She Dies Tomorrow (2020)

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The COVID-era got the horror film it deserved with this mordant pandemic tale, which intuitively tracks in reverse an infection that leaves sufferers convinced their death is imminent. Filmmaker Amy Seimetz uses a fierce formal technique to create slow drip existential despair, seeping into the performances of Kate Lyn Sheil, Jane Adams, Chris Messina and Michelle Rodriguez.

Sicario (2015)

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A Denis Villeneuve horror film about a woman—Emily Blunt’s door-kicking FBI agent—trying to survive in a male world, lodged inside a drug war thriller featuring Josh Brolin and Benicio Del Toro. It is set on the merciless border between America, Mexico, and obliteration.

Sister (2012)

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Ursula Meier’s profoundly intimate drama is the story of fringe dwellers beneath the Swiss ski fields: 12-year-old Simon (Kacey Mottet Klein) spends his days assiduously thieving gear from wealthy visitors, hoping to buy and hold the affection of his wayward sister, Louise (Lea Seydoux). Shot by the revered French cinematographer Agnes Godard, the film illustrates economic and emotional inequality.

Snowpiercer (2013)

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A riveting action film and an incisive metaphor for capitalism, Bong Joon-ho imagines humanity’s remnants trapped on a train where the poor, led by Chris Evans’ guilt-ridden revolutionary, rise up against the rich and those they use to maintain control. Be eternally grateful that Harvey Weinstein’s U.S. edit was never released.

There Will Be Blood (2007)

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Paul Thomas Anderson captures America’s transformation from frontier into industrial powerhouse with the tale of an obsessive oilman (Daniel Day-Lewis). Frame after frame evokes a furious wonder that can’t be stilled by success, family, or victory.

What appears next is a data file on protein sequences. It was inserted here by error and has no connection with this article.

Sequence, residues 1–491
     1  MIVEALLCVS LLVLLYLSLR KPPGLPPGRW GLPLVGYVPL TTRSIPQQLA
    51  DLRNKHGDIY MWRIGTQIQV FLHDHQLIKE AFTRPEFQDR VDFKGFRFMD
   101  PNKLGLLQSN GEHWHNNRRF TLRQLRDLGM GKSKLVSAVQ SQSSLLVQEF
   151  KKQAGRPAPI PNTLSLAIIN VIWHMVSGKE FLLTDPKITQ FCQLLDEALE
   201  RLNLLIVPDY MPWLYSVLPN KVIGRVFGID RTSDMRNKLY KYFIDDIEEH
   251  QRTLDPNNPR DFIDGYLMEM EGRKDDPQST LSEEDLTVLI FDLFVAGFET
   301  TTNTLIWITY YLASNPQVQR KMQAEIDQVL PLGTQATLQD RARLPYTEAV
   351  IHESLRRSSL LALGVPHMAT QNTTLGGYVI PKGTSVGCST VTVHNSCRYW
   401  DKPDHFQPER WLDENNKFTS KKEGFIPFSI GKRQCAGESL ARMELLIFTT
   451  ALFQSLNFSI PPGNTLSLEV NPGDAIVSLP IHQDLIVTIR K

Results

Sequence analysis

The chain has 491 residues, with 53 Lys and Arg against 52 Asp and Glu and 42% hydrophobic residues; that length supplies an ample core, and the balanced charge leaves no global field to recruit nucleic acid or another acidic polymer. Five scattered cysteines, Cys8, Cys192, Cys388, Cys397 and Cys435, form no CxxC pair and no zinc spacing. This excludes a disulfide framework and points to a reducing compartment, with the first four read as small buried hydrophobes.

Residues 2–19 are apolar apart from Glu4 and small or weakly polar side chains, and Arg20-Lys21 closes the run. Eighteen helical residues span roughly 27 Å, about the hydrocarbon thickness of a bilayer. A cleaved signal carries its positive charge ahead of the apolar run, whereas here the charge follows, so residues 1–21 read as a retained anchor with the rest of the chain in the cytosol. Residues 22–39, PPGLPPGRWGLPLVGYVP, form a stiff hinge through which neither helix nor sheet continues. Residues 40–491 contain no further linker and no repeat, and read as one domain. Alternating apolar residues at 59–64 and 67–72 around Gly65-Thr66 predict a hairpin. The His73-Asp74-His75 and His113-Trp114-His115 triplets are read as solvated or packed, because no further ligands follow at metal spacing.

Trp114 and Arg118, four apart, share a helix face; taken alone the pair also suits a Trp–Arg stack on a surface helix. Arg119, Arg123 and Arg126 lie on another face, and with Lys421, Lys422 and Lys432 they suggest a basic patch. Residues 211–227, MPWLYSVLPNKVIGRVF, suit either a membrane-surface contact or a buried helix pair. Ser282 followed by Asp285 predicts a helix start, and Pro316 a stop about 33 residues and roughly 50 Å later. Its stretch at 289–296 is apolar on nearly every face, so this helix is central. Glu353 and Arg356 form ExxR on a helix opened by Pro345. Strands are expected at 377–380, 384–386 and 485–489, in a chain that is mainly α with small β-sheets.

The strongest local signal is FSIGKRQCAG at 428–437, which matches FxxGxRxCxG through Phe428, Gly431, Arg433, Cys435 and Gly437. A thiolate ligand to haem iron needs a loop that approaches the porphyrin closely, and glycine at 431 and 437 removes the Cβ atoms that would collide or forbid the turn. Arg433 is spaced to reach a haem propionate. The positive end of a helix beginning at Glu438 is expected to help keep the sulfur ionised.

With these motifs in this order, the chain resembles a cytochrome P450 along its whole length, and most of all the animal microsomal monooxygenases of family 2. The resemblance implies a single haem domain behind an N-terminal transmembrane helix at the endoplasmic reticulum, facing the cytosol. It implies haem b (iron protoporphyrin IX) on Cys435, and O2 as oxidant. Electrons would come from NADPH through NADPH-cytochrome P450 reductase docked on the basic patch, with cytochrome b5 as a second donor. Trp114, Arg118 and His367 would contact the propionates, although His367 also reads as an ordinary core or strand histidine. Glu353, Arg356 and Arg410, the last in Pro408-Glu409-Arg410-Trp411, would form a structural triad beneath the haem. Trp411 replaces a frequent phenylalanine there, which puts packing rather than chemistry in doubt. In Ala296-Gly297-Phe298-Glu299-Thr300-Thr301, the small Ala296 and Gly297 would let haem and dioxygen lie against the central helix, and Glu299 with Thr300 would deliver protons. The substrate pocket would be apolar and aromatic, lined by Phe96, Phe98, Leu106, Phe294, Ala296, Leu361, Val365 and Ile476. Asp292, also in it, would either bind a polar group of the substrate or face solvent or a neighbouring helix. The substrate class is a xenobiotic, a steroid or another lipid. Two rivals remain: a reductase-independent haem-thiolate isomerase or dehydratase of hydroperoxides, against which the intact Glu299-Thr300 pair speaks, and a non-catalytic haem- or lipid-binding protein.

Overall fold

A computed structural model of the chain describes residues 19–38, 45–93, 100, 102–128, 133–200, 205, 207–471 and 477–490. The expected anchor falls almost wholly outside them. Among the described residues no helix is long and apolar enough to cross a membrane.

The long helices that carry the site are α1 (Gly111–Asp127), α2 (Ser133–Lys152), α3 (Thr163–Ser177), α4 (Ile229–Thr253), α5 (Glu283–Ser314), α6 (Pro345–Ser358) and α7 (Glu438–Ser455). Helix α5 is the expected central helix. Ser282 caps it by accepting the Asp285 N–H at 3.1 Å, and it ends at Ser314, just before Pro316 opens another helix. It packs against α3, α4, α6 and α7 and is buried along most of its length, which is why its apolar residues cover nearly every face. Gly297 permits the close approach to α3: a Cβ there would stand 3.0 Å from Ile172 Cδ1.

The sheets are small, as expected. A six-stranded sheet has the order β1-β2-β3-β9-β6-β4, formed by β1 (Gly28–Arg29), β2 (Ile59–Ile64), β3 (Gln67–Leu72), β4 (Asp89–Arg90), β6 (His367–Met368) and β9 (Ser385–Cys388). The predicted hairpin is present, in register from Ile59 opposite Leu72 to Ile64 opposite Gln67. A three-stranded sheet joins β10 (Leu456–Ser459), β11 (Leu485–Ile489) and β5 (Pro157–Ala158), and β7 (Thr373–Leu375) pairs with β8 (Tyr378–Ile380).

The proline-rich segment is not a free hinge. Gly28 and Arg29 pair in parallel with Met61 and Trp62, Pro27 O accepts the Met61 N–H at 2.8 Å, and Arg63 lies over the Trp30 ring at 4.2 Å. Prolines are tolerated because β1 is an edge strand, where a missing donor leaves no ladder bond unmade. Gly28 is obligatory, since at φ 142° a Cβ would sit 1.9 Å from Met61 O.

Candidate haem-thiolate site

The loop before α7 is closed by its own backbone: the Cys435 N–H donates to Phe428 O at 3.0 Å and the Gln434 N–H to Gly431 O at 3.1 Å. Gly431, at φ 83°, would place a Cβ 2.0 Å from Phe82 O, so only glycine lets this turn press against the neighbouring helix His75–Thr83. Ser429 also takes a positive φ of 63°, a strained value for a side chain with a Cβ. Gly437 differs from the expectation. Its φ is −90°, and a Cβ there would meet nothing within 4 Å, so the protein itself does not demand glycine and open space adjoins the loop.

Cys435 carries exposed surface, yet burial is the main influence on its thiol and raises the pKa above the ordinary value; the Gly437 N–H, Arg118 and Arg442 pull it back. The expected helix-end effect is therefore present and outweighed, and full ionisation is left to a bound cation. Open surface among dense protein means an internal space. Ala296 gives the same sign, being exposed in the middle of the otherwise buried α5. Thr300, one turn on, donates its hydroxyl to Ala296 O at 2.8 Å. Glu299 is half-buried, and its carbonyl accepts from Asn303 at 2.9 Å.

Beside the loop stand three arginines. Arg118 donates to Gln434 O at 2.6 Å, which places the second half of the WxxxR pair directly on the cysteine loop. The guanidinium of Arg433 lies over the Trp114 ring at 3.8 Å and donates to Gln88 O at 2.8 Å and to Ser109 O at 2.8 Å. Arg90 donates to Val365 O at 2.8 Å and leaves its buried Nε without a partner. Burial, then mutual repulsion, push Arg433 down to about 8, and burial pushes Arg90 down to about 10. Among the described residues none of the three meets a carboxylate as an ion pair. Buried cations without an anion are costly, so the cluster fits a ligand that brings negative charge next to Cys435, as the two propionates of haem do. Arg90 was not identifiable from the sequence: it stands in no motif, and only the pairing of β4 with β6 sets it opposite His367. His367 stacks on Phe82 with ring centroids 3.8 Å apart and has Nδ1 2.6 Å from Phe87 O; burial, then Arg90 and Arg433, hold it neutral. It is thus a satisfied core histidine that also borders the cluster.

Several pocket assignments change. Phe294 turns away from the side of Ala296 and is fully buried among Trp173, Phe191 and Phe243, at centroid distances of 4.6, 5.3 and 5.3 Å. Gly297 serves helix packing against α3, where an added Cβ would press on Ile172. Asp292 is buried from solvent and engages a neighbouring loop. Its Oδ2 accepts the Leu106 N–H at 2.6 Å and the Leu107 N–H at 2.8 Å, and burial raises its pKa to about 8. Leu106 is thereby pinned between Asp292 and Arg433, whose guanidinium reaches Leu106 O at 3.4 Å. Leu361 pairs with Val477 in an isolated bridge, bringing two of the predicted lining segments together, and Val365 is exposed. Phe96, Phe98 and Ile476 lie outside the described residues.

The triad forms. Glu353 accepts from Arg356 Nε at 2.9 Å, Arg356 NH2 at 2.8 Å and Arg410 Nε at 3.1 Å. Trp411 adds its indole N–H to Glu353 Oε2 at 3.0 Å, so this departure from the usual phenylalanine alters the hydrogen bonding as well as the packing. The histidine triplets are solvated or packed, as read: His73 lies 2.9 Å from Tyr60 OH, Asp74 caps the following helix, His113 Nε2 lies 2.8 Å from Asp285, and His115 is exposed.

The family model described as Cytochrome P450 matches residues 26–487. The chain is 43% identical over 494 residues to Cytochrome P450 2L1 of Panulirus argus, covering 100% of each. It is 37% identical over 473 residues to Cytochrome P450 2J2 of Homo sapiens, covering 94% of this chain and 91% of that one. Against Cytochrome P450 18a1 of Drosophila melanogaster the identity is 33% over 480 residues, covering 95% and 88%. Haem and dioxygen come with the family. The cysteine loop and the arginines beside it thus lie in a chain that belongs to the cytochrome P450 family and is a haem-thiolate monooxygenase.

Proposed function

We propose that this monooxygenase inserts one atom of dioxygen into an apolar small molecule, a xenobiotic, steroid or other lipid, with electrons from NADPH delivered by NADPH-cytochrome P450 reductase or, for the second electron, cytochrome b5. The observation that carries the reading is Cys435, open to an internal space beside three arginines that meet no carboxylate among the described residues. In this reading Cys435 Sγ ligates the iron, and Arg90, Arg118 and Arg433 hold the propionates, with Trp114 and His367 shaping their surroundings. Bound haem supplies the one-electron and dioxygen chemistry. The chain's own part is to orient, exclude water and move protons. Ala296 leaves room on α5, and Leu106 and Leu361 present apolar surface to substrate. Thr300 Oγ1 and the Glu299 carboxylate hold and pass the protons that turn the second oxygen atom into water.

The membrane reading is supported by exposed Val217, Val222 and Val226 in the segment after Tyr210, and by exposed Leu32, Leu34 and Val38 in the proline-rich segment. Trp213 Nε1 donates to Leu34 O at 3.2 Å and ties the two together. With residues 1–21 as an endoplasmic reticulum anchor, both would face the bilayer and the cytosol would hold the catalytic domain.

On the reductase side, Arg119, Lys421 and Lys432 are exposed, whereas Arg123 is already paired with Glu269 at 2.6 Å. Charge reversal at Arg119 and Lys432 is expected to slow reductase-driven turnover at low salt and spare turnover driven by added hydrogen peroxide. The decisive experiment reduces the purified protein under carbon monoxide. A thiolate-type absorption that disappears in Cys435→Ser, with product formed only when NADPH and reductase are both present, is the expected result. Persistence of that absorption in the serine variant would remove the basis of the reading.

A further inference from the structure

Unforgiven (1992)

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Everything that Clint Eastwood has learnt about the western, including the comfort it takes in its many myths, was brought to bear in this elegiac, end of the trail tale. Eastwood plays an ageing gunslinger who embraces his past sins when he takes up a contract for murder, in a town run by Gene Hackman’s uncompromising sheriff.

The Usual Suspects (1995)

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Gabriel Byrne, Benicio Del Toro (wonderfully indecipherable), Kevin Spacey and Stephen Baldwin are members of a criminal crew thrown together by official vindictiveness who decide to strike back…only to find themselves in so deep that there are boats full of bodies and a witness who makes Hungarian sound like the most fearful of languages. It’s an updated noir thriller—where hopes of survival flicker and fade.

Wake in Fright (1971)

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A scorching vision of the Australian outback as a kind of barbaric purgatory that sends an indentured school teacher (Gary Bond) to the brink and beyond. Canadian director Ted Kotcheff captured a vision of this country that still seethes.

The Wings of the Dove (1997)

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Iain Softley’s note-perfect Edwardian drama is the rare adaptation of the literary classic—Henry James’ 1902 novel of machination and regret—that treats the text as a foundation for visual interpretation. The film moves between London and Venice as Helene Bonham Carter, Linus Roache and Alison Elliott form a devastating romantic triangle where deceiving someone reveals a bitter truth.

Zero Dark Thirty (2012)

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Warfare in the information age comes into brutal focus in Kathryn Bigelow’s magisterial action-thriller, where a Pakistan-based CIA analyst (Jessica Chastain) accepts torture and drone strikes in her obsessive post-9/11 hunt for Osama Bin-Laden. Revenge is consumptive, and history exists in the torrid, unfiltered moment.


This guide is regularly updated to reflect changes in Stan‘s catalogue. For a list of capsule reviews that have been removed from this page because they are no longer available on the platform, visit here.